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Diabetes. How do we get it

December 11, 20232 min read

“I do not love to work out, but if I stick to exercising every day and put the right things in my mouth, then my diabetes just stays in check .” - Halle Berry

Introduction:

"Understanding Diabetes: Causes and Risk Factors"

Introduction:

Diabetes is a complex metabolic disorder characterized by elevated blood sugar levels. It affects millions of people worldwide, leading to significant health consequences if left unmanaged. In this blog, we will explore the evidence-based causes and risk factors associated with diabetes, drawing from reputable sources to provide accurate and informative content.

Causes of Diabetes:

Diabetes has multiple forms, the most common being type 1 and type 2 diabetes, as well as gestational diabetes occurring during pregnancy. Type 1 diabetes is considered an autoimmune disease, in which the body's immune system attacks and destroys insulin-producing beta cells in the pancreas, leading to insulin deficiency (American Diabetes Association, 2021).

Type 2 diabetes, on the other hand, is primarily associated with insulin resistance and relative insulin deficiency, often linked to lifestyle and genetic factors. The National Institute of Diabetes and Digestive and Kidney Diseases (NIDDK) notes that obesity, physical inactivity, and poor diet are significant risk factors for the development of type 2 diabetes (NIDDK, 2021).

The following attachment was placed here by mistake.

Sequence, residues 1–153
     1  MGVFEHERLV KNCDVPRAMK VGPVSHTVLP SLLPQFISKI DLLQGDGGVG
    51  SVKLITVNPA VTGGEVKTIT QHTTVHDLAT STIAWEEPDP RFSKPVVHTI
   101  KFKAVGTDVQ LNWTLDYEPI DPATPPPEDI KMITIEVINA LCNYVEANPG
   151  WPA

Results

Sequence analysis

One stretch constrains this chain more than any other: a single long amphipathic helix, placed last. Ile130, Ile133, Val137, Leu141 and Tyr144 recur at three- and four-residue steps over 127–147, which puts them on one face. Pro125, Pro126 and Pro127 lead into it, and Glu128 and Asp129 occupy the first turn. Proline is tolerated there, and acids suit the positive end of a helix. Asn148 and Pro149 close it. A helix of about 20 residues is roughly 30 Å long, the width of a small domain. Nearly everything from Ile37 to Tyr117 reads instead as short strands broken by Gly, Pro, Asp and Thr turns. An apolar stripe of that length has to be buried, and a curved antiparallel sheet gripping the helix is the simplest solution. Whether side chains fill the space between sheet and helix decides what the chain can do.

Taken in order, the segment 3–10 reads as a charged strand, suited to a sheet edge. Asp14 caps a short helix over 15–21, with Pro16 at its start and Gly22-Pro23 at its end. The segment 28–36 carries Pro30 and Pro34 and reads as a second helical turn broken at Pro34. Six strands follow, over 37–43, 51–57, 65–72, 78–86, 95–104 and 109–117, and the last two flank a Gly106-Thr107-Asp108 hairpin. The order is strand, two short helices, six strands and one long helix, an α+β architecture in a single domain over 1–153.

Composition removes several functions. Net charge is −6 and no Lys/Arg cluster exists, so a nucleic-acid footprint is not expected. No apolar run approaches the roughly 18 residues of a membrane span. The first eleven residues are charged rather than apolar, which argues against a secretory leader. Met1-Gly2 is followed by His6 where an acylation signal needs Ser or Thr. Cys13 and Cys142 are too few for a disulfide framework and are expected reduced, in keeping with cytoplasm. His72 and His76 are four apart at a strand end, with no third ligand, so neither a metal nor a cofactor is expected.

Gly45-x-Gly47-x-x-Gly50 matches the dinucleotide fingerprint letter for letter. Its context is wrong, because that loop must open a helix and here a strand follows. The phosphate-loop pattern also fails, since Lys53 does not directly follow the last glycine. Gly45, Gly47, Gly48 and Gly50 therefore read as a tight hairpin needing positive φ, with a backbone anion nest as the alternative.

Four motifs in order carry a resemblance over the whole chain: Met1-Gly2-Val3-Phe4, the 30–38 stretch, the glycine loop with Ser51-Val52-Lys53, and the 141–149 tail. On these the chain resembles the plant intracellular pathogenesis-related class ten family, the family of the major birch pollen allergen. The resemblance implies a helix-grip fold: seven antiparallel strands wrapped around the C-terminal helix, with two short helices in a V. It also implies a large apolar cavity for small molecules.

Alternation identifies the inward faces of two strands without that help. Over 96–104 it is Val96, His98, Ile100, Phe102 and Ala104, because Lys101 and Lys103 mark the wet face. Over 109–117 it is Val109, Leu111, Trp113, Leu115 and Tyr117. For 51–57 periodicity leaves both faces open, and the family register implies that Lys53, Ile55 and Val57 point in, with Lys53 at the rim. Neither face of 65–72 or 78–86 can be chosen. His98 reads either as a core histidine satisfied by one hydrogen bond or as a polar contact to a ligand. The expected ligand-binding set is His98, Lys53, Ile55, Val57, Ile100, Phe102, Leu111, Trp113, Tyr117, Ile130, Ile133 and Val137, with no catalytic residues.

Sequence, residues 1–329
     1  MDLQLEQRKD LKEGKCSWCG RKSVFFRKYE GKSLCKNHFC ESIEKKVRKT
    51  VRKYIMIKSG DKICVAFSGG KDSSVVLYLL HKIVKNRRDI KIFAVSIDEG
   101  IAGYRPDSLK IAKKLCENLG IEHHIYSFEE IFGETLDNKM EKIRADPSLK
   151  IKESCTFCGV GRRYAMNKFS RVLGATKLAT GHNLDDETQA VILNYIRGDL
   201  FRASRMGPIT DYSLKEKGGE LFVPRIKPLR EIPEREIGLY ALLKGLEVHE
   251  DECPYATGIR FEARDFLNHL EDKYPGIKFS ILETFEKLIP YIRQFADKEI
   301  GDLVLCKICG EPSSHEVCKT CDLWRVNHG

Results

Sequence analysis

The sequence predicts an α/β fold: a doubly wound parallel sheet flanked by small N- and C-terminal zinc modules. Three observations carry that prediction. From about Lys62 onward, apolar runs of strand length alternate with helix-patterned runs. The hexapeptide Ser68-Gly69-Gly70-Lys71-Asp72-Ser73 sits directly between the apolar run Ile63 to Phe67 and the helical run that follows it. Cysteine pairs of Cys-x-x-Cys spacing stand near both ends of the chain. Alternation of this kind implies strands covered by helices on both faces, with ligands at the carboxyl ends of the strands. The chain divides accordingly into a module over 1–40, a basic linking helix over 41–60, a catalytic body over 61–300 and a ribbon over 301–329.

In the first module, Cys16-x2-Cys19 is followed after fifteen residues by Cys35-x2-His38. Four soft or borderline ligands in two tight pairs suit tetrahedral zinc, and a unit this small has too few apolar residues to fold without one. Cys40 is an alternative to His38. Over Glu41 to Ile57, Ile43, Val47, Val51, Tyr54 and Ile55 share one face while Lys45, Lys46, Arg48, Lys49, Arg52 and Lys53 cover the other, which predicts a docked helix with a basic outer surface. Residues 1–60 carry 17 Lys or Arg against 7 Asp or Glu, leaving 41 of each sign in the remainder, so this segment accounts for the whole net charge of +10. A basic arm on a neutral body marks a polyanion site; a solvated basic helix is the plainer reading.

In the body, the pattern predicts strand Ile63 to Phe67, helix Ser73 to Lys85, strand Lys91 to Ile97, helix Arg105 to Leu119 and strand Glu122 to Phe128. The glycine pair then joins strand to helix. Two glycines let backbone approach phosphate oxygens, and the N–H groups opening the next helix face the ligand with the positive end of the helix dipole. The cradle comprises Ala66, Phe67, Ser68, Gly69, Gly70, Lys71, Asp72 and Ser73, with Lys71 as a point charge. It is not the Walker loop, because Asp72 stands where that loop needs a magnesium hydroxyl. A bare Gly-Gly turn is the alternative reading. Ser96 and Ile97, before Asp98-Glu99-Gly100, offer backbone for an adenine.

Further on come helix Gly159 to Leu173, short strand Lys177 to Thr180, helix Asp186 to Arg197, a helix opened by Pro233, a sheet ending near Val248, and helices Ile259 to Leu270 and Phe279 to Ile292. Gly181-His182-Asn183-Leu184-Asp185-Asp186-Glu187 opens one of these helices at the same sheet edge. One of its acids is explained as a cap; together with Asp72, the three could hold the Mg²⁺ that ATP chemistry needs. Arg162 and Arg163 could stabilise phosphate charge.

Risk Factors:

Various risk factors contribute to the development of diabetes. A study published in the New England Journal of Medicine highlighted the following key risk factors:

1. Obesity: Excess body weight, particularly visceral adiposity, is strongly associated with an increased risk of type 2 diabetes (Hu, 2011).

2. Sedentary Lifestyle: Lack of physical activity and prolonged periods of inactivity have been shown to elevate the risk of developing type 2 diabetes, as indicated by research from the Centers for Disease Control and Prevention (CDC) (CDC, 2020).

3. Unhealthy Diet: Consumption of a diet high in processed foods, added sugars, and unhealthy fats is linked to an elevated risk of developing type 2 diabetes, according to the American Diabetes Association (ADA) (ADA, 2020).

4. Genetic Predisposition: Family history plays a significant role in the risk of developing diabetes, particularly type 2 diabetes, as noted by a study published in Diabetologia (Meigs, 2000).

Conclusion:

Understanding the causes and risk factors associated with diabetes is crucial for prevention and management. By addressing modifiable risk factors such as obesity, physical inactivity, and poor diet, individuals can take proactive steps to reduce their risk of developing diabetes. It's essential to consult with healthcare professionals for personalized guidance and support in addressing this widespread health concern.

References:

- American Diabetes Association. (2021). Diagnosis and classification of diabetes mellitus. Diabetes Care, 44(Supplement 1), S15-S33.

- CDC. (2020). National diabetes statistics report.

- Hu, F. B. (2011). Globalization of diabetes: the role of diet, lifestyle, and genes. Diabetes Care, 34(6), 1249-1257.

- Meigs, J. B. (2000). Genetics of type 2 diabetes. Diabetologia, 43(10), 1207-1221.

- National Institute of Diabetes and Digestive and Kidney Diseases. (2021). Insulin resistance & pre diabetes.

8 Reasons

Sandra Brown

Healthcare professional, nurse

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